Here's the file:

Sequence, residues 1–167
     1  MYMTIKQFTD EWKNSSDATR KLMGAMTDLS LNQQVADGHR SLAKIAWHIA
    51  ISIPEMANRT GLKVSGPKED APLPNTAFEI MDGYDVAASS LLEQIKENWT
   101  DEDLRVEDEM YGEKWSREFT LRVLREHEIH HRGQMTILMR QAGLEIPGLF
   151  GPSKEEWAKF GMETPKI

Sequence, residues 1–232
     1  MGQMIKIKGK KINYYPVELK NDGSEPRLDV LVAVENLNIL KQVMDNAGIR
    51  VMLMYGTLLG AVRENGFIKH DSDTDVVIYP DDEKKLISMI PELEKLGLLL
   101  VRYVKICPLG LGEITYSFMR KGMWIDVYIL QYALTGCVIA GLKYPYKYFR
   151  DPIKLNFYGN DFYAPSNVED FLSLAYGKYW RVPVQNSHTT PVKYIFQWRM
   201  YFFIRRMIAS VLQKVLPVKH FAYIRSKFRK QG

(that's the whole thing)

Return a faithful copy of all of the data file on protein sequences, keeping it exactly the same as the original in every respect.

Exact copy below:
Sequence, residues 1–167
     1  MYMTIKQFTD EWKNSSDATR KLMGAMTDLS LNQQVADGHR SLAKIAWHIA
    51  ISIPEMANRT GLKVSGPKED APLPNTAFEI MDGYDVAASS LLEQIKENWT
   101  DEDLRVEDEM YGEKWSREFT LRVLREHEIH HRGQMTILMR QAGLEIPGLF
   151  GPSKEEWAKF GMETPKI

Sequence, residues 1–232
     1  MGQMIKIKGK KINYYPVELK NDGSEPRLDV LVAVENLNIL KQVMDNAGIR
    51  VMLMYGTLLG AVRENGFIKH DSDTDVVIYP DDEKKLISMI PELEKLGLLL
   101  VRYVKICPLG LGEITYSFMR KGMWIDVYIL QYALTGCVIA GLKYPYKYFR
   151  DPIKLNFYGN DFYAPSNVED FLSLAYGKYW RVPVQNSHTT PVKYIFQWRM
   201  YFFIRRMIAS VLQKVLPVKH FAYIRSKFRK QG